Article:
Communication is paramount. O'Brien says they almost couldn't communicate enough as they set expectations with leadership about potential pitfalls so executives understood why things unfolded the way they did. R.R. almost communicated their progress with customers, which helped minimize impact on them.
"We had to get from one side of the ocean to the other and the only path was through the Bermuda Triangle and so we were going to experience rough waters," O'Brien says. "Once people got comfortable with that they just handled it and we didn’t have a lot of meetings on what went wrong, we had a lot of meetings on what’s next. We solved the problem and moved on.”
Gartner analyst Ansgar Schulte says that disentangling assets in a split can be challenging because of the tight timeframes under which they must be completed. It’s also notoriously hard to command businesses’ attention.
When M&A’s are announced IT and business employees tend to treat the combination as a “burning platform,” working quickly to follow their managers’ marching orders until the integration is done. Mergers are difficult because of the degree of change required for business processes and applications, data integration, talent overlap and the reconciliation of assets such as software licenses. “Change management is definitely paramount,” Schulte says, adding that CIOs’ roles in such endeavors are often elevated. “I see it as an opportunity for CIOs to who want to branch out into other capabilities.”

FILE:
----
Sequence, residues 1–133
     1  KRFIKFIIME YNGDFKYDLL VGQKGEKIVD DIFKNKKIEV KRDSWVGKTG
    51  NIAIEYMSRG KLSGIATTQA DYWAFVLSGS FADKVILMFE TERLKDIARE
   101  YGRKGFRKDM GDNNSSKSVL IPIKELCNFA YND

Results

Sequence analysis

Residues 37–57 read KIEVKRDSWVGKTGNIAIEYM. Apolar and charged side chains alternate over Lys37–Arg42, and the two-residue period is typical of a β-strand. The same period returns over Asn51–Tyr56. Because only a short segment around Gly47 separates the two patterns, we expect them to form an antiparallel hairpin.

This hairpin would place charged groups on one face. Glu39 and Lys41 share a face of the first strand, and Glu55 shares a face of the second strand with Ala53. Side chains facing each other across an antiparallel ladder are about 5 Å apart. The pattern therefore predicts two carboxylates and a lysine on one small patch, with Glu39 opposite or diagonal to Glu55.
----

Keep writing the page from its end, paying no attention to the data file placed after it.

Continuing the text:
Migrating in a cloud-first world
If R.R. Donnelley’s nine-month separation happened in a relative blur, Western Digital’s business transformation has been a slow burn. In 2011, it agreed to merge with HGST, a move that required approval from China’s Ministry of Commerce (MOFCOM).
Although MOFCOM approved the deal in March 2012 it forbid the sales staffs to integrate until October 2015. Two weeks later Western Digital agreed to buy SanDisk in a deal that closed in May. As 2016 draws to a close, Phillpott is combining the IT assets from the three companies to support IT for 75,000 employees. It’s a Herculean feat, considering that the companies largely operate different software systems. “We really have three of every application,” Phillpott says.
For instance, when Phillpott began his integration Western Digital was using custom human resources software, HGST was using three versions of PeopleSoft, while SanDisk was (and remains) on SuccessFactors. Philpott is in the process of consolidating HGST and Western Digital’s HR systems to cloud software from Workday, to which he eventually plans to also migrate SanDisk employees. There were also different applications for ERP, email and collaboration, among other systems.
Phillpott says he chose to move as much software as he can to the cloud, using Salesforce.com, WebEx, Box, ServiceNow and Amazon Web Services, because they provide better self-service and mobility options that on-premises software.
Sign up for Computerworld eNewsletters.